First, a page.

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Special Issues: Human Memory (PSYC 5335-263)
Spring 2014

Professor: Roberto R. Heredia., Ph.D. 

URL: http://www.tamiu.edu/~rheredia/

Office: CH 205B

E-mail: rheredia@tamiu.edu

Class Time & Place: M 5:30 - 8:30 PM WHTC 103

Phone: (956) 326-2637

Office Hours:  M & W 3-5:00 PM, and T & R 4:00 - 5:00 PM  & By Appointment


Course Description:
Examines the processing systems that underlie human learning, memory and cognition. Involves discussion and critical evaluation of current, historical, and interdisciplinary readings relevant to human memory. Prerequisite: Graduate standing, or permission of the instructor.


Course Objectives:

1. Critically interpret research articles in the field of human memory and learning.
2. Appraise and contrast the principles (e.g., short-term, long-term, episodic, procedural, and working memory) and logic in human memory research.
3. Compose a literature review on a specific topic in the field human memory and learning.
4. Formulate a theoretically sound research proposal for an original study in the field of human memory and learning

Required Text:
Schwartz, B. L. (2013). Memory: Foundations and applications (2nd ed.).  Thousand Oaks, CA: Sage. (ISBN: 9781452259116)

Note: Additional readings will be determined as the semester progresses.    

POLICIES OF THE COLLEGE OF ARTS AND SCIENCES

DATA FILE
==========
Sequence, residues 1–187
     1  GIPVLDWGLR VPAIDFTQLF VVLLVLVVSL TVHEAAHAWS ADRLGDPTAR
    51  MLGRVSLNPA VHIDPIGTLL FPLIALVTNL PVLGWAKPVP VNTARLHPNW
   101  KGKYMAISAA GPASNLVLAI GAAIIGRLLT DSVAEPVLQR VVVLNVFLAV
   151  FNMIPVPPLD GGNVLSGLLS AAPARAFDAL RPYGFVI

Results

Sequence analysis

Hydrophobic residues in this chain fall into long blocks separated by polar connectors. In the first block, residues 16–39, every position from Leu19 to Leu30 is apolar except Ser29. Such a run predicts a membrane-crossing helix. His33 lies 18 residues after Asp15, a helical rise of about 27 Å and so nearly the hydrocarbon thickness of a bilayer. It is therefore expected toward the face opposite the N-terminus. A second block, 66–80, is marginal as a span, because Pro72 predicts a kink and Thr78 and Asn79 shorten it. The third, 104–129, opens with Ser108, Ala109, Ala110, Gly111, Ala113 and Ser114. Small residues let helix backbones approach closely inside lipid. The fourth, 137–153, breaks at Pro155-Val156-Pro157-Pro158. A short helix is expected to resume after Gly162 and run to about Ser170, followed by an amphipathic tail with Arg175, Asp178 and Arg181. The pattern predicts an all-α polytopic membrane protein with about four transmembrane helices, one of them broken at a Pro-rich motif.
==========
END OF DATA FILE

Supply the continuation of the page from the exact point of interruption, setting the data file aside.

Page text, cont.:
Course Philosophy:
This is a demanding course. There is considerable reading and writing to be done and much to think about. You are expected to master the basic material covered in the readings/discussions and to participate actively in class. The assumption underlying this class is that we are responsible students that want to learn and do high quality work. Some lectures and discussions in the course are designed to supplement the readings. As such, you can expect discussions to present ideas that are not always covered in the readings.

Evaluation:
(1). There will be one midterm and a final each worth 100 points consisting of general essay questions. The Midterm will cover only the material for the first part of the course, and the final will be comprehensive, covering the new material and the material from the first part of the class. You may use published material and your own notes in answering midterm questions.

(2). Class will consist of discussions, and in-class activities. Active class discussion is required. The purpose of class discussions is to allow a more in-depth analysis of the issues covered in the assigned weekly readings, particularly discussions of the ways in which these issues apply to problems in everyday life and the study of the human mind. You will be much more prepared for lively discussion during the classroom time if you have read the assigned material prior to the time in which it will be addressed in class.